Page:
Tuesday, 26 June 2007

Safe in the hotel safe

Knowing me again

In what must be looking like a rarity, I must say I was quite content with my hotel accommodation in Berlin this time.

The staff could not help but fall over themselves with every kind of complimentary offer one could think of, free champagne at the bar, fruits in large dish in the room, chocolates that I worried about the aphrodisiac qualities they might excite, service personnel at the door almost before you complained.

I had stayed at this hotel some 4 years before, but this time I was given a room on the 7th floor overlooking the forest that makes up the Zoo in Berlin - I was surprised when I found an envelop in my room acknowledging my return visit.

It is nice to know that one is remembered and treated even better as a return guest; however, one is concerned about the data retention element of this customer service ideal.

One has to give for the other, the recognition factor or the indifferent generality, I would suppose many would prefer to be recognised.

High speed rotten connection

However, I did have issue with two things, the first being the High Speed Internet connection in the room, it was high-speed but rotten performance, I was online but could hardly maintain a decent enough connection to download my email which timed out at every attempt.

There was nothing the hotel could do about it (an external service) that I resorted to remote controlling a box at home which handled all I wanted to do though it seemed the remote session lost connection every minute, it was annoying but for the much improved remote desktop client that does not give up before 20 tries.

At check-out, the hotel offered to reduce the charge by 50%, but I found myself remonstrating as usual, I always prefer the service to the cop-out of compensation.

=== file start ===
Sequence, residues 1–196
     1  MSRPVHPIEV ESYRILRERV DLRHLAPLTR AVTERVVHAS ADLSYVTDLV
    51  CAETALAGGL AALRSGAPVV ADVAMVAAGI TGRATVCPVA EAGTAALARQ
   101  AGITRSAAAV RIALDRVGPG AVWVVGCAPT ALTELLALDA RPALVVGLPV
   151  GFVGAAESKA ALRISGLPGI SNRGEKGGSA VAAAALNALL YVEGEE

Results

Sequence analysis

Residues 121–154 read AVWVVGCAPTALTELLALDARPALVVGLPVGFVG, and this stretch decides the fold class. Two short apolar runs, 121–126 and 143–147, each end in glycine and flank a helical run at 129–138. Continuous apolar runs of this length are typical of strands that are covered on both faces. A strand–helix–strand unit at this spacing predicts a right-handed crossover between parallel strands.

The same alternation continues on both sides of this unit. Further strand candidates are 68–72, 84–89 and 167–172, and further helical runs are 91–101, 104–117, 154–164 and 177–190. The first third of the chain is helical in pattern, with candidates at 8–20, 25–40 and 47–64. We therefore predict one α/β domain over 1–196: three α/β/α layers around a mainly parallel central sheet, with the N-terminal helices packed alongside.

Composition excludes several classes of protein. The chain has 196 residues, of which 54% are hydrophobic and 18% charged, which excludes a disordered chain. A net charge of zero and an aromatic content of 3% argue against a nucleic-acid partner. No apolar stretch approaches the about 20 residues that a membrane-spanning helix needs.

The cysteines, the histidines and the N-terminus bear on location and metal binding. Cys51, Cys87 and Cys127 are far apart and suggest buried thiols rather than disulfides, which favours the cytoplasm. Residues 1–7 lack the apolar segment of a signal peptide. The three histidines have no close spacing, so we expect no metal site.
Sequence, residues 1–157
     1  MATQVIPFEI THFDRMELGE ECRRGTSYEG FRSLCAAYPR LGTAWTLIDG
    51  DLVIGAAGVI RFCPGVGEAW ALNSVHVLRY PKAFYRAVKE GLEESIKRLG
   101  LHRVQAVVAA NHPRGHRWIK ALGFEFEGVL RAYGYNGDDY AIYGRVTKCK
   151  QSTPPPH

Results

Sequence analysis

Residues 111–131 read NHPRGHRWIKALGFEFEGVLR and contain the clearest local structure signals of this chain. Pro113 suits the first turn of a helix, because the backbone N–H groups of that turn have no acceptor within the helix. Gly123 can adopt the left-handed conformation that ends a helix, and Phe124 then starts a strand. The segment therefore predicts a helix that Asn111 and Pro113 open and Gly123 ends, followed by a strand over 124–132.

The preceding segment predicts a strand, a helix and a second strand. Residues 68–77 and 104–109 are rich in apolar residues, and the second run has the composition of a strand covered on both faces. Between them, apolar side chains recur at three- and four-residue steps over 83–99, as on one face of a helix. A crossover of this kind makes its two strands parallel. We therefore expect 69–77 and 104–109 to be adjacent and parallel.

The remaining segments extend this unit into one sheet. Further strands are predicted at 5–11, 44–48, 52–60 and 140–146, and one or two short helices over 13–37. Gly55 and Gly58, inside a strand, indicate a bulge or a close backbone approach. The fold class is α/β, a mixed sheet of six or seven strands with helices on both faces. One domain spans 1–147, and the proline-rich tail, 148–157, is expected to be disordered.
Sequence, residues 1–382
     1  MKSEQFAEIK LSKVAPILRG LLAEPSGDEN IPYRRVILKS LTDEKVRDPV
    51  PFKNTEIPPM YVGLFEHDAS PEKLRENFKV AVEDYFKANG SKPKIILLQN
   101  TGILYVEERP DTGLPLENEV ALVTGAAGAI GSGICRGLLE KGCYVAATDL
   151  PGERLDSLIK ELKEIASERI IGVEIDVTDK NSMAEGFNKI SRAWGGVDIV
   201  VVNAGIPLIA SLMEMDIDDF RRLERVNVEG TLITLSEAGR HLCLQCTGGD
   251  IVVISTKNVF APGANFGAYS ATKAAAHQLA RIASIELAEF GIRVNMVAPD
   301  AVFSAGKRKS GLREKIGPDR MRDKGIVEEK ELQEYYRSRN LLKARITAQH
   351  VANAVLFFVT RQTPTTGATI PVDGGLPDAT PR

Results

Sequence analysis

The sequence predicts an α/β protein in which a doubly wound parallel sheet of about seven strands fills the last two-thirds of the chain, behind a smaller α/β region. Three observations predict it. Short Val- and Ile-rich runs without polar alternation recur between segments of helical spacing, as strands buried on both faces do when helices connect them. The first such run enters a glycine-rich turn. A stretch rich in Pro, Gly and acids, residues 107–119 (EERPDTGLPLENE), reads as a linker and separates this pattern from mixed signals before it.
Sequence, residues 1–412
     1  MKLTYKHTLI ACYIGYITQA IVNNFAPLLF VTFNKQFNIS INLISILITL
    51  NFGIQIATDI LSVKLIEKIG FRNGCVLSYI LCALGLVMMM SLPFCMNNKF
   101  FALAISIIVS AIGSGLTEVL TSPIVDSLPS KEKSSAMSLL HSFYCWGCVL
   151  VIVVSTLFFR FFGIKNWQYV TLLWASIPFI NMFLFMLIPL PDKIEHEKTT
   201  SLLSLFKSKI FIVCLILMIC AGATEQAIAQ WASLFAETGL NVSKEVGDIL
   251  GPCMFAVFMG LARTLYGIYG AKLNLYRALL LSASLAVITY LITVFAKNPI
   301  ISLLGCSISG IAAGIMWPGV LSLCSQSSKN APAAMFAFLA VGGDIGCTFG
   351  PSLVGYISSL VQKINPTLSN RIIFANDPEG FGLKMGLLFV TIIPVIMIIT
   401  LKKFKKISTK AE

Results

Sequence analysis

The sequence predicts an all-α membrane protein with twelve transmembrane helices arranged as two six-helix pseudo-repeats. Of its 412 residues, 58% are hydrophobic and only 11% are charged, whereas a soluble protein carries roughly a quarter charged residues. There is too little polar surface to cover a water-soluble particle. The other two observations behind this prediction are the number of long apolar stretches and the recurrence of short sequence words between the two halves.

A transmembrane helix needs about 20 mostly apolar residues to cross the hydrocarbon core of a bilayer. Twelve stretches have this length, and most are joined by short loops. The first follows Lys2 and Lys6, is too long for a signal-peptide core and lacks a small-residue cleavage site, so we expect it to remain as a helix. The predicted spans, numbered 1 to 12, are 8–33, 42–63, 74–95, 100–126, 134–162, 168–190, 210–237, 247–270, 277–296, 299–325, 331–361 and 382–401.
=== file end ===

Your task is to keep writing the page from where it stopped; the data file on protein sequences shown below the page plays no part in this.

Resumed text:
Safe entry

The most interesting part was really the in-room safe, as you would realise we are celebrating 40 years of the Automated Teller Machine (ATM) which is fine and we are all used to the 4-figure Personal Identification Number (PIN) which came about because the designer's wife reckoned she could only remember 4-digits, the designer - John Shepherd-Barron - having once been in the army had been planning on a 6-digit, just like his army recruitment number. The rest is history.

Now, in resorts in Spain, most hotels provide a room safe for a hiring fee, the safe requiring a keyed lock, in other countries, some allow for a PIN from 4 to 6 figures with instructions varying on complexity.

Card swipe manic frenzy

This safe required that you swipe your credit card down a slot to activate/lock or unlock the safe. So I put our valuables in it and swiped the card, the safe engages the lock. An afterthought gets me back at the safe and swipe all I could, the safe would not budge.

The service man comes over swipes once and the safe opens, I look like a fool, but he then tries the whole process himself - first swipe locks the safe, seven swipes later, the safe responds.

It would appear, it is the speed of the swipe that determines if this thing works, it could be annoying, but two things come to mind.

The first being the possibility that the card reader can store information, at least it stores enough to know that a swipe-lock with one card cannot be swipe-unlocked with another card.

The second is, one of the reasons one would want a safe is to store the credit cards along with other valuables - in tourist places, it is sometimes better to pay cash than have some unscrupulous staff fleece your card not too long after your dinner, only to get home and notice large sums of money have gone walkies.

If you then have to lock the safe with what you initially intended to store in the safe, this seemingly safe idea is probably highly risk averse on the side of the hotel because the credit card would always be on your person or outside the safe but seriously inconvenient and risky on your part.

I say no to credit card swipe safes, the PIN method should be better though there might be possibilities of losing the contents to a determined thief anyhow by gently checking which keys have the newest prints and doing the permutation, even that would be a bit far-fetched, after a few tries the safe would go into a locked mode that would require service personnel, anyhow.

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